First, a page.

I may call you by your Christian name, may I not? After all, after having just finished your “Sketches” in their entirety, I feel I know you quite well now. And, before I forget, I must reintroduce you to my Aunt. I was on the phone with her the other day and she said had made your acquaintance some time ago but found you difficult to get along with! However, she had never read your “Sketches,” and I’m confident that if she did, she would have quite a change of heart over your disposition.
As I look back over the contents of this second volume, I’m amazed by the variety and breadth of your writing. The rest of your “tales” were just as entertaining as the first few – you can almost visibly trace the comedic lineage from your tales through writers like Wodehouse and Sharpe, all the way to our modern sit coms (although, unlike poor Mr. Watkins Tottle, our modern comedies don’t usually conclude with the unfortunate protagonist’s suicide). “The Black Veil,” however, was disturbingly different – a spooky little moral tale that hints, I suspect, at darker writings to come.
After that, your portraits of types of men young ladies should avoid, and types of couples everyone should avoid, again had me laughing out loud. Would it shock you to know that “poetical young gentlemen” would today be referred to as “emo” and are paid large sums of money to form rock bands? Or that “the loving couple,” who are prone to repeated public displays of affection, are just as prevalent and subject to ridicule nowadays? I said it before and I’ll say it again – you may have been looking around you and writing about what was immediately apparent to you, but your ability to observe archetypes of human behavior that are just as observable almost two hundred years later is astounding. And awesome. And frickin’ hilarious.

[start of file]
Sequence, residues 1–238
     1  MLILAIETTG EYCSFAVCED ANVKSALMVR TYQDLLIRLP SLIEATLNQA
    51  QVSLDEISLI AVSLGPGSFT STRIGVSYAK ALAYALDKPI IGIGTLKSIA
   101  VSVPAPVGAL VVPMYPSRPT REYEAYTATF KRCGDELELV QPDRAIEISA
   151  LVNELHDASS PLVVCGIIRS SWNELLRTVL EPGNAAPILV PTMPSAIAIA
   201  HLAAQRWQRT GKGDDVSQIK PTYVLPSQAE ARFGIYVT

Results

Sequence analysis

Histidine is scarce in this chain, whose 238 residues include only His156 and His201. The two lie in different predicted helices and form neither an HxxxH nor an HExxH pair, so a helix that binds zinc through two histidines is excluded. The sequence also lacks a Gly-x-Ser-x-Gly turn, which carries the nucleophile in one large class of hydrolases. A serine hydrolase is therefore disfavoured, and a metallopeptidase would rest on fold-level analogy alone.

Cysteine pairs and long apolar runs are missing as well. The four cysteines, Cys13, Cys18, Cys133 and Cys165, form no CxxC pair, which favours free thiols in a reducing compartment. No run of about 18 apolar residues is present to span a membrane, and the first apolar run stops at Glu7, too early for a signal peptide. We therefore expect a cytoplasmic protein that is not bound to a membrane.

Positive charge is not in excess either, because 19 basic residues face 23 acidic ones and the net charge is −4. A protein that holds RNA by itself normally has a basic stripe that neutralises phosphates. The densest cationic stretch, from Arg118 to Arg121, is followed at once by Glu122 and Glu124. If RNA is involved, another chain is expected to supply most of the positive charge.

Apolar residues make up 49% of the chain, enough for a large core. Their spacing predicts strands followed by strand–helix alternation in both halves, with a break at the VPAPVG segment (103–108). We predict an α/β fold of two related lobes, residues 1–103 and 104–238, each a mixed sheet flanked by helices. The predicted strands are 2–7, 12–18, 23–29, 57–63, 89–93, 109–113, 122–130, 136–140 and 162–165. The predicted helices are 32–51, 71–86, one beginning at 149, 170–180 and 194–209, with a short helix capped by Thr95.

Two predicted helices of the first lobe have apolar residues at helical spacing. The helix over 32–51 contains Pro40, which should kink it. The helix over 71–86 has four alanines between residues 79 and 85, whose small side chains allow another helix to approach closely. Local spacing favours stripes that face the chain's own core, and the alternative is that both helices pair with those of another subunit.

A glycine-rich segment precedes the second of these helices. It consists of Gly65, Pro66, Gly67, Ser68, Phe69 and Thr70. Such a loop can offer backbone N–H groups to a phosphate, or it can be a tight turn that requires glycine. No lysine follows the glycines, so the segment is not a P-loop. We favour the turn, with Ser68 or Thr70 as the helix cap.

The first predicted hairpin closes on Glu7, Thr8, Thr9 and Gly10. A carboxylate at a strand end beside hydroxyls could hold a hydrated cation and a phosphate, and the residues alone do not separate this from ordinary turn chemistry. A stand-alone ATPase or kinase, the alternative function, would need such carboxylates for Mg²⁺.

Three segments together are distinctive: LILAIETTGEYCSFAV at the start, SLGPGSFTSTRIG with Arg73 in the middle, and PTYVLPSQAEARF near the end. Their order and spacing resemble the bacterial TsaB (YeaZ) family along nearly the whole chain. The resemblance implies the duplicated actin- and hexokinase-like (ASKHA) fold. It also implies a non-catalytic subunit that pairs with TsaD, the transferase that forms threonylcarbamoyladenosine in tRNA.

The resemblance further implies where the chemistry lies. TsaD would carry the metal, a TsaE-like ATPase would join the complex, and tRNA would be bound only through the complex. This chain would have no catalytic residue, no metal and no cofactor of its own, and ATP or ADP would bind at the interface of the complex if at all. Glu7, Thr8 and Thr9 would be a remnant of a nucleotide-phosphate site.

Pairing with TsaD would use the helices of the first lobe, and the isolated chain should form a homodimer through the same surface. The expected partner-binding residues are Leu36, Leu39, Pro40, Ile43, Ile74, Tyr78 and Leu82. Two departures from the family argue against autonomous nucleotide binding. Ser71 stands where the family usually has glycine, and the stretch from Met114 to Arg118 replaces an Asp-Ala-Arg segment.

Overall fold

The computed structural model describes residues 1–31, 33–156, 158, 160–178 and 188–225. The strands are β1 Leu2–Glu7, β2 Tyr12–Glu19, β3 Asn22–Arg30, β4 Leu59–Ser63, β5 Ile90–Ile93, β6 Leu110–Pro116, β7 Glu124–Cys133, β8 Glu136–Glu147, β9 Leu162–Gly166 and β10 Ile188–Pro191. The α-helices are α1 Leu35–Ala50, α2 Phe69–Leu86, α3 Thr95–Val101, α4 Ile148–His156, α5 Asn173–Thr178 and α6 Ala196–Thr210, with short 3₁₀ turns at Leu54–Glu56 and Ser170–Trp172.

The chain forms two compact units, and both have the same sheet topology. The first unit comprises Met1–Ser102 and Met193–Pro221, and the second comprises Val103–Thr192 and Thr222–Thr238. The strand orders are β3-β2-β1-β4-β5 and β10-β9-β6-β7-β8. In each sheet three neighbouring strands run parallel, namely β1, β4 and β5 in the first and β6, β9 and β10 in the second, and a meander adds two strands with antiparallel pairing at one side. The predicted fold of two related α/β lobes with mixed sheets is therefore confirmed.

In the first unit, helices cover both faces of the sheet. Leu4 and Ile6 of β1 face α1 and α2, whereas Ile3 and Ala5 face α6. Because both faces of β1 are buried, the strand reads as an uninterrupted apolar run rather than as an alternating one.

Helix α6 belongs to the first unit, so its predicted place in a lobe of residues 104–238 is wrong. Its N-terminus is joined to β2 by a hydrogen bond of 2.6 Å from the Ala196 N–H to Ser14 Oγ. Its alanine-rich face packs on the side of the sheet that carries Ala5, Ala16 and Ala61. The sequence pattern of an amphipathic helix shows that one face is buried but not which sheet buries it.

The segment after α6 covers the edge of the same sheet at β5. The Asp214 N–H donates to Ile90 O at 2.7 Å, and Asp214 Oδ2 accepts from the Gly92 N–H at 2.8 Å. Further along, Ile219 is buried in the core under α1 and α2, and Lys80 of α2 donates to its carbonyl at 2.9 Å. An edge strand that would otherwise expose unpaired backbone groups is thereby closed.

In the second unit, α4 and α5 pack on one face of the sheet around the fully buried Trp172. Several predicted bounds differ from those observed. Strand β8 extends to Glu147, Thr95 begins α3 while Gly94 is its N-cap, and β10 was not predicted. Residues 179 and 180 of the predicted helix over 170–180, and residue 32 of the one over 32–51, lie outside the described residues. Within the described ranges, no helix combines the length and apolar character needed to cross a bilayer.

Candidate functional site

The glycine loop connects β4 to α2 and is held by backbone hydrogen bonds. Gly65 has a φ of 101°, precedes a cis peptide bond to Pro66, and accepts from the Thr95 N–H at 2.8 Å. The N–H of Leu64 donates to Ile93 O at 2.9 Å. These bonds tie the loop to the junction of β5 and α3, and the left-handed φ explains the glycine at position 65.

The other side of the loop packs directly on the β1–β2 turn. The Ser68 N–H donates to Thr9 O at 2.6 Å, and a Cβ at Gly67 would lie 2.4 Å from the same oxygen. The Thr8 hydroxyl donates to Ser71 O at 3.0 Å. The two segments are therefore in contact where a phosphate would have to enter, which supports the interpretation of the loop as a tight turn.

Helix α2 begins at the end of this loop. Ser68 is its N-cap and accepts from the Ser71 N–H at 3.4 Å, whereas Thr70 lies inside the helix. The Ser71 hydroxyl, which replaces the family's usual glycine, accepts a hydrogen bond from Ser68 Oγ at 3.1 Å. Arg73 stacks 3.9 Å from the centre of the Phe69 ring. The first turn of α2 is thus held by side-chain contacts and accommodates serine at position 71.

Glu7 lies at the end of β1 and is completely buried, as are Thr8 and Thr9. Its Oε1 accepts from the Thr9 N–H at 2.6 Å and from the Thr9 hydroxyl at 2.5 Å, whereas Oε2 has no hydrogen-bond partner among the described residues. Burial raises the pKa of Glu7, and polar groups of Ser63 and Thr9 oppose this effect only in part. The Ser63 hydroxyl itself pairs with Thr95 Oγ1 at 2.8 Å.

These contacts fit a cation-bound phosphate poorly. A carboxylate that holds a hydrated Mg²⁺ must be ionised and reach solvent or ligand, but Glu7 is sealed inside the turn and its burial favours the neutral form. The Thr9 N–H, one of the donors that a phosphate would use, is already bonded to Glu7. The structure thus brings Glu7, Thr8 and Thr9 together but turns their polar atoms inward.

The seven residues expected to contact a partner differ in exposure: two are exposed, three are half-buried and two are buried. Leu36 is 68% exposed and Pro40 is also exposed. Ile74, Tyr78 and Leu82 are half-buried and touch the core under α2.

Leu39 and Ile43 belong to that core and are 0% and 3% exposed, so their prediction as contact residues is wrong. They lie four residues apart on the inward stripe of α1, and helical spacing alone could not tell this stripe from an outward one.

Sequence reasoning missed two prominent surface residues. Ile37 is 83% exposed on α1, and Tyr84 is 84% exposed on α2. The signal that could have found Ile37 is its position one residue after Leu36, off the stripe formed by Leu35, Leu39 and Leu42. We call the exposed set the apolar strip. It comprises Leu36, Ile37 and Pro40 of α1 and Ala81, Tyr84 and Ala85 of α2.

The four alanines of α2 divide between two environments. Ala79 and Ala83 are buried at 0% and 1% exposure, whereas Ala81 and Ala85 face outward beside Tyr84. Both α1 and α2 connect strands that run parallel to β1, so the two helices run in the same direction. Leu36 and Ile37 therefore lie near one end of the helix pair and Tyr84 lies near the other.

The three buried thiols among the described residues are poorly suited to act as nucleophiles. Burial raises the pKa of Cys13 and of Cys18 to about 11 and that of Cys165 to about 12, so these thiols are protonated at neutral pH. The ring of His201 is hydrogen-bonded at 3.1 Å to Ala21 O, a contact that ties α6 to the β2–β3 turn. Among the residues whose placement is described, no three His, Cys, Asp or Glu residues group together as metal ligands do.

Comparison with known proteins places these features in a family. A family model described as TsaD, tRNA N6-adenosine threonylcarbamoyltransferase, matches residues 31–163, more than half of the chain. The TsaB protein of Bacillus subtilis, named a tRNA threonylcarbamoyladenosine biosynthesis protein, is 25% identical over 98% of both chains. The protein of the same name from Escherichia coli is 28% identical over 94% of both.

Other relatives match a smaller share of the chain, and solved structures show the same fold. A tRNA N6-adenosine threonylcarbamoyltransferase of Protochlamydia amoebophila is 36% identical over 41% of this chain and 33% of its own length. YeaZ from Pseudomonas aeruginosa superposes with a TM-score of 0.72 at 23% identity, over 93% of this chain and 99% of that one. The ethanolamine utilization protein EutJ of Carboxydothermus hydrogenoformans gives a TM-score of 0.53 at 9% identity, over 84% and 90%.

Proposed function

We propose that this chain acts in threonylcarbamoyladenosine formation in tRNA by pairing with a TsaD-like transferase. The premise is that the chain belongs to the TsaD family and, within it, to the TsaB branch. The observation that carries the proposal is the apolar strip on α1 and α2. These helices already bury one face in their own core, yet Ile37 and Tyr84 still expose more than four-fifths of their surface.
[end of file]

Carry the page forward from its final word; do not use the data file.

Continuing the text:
We finish with your accounts of the fictional town of Mudfog, and its scientific and learned conferences. Here I have to look back to Jonathan Swift’s satire of the Royal Society, when Gulliver travelled to Laputa and observes their various pointless experiments. Were you a fan of Swift? You must have been — your learned men’s accounts of their discoveries are no less satirical and patently ridiculous – such as establishing a walled park in which young gentlemen with nothing else to do can knock down and assault artificial policemen, instead of the real thing, or the proposal to establish schools for young fleas, that they may contribute to the economy of the country.
It’s now quite obvious what aspects of society pissed you right off. I can only hope that by calling attention to those things in such an entertaining way, you were able to effect some kind of change, or at least awareness.
Because I understand that your Pickwick Papers are also quite light in tone, and serialized for bite-sized enjoyment, I thought I would save them for a bit and instead turn to your next novel: Nicholas Nickleby. So until next week, I will bid you a fond farewell and remain,
“Mr. Crinkles exhibited a most beautiful and delicate machine […] by the aid of which more pockets could be picked […]. The President observed that, up to this time Parliament had certainly got on very well without it; but, as they did their business on a very large scale, he had no doubt they would gladly adopt the improvement.”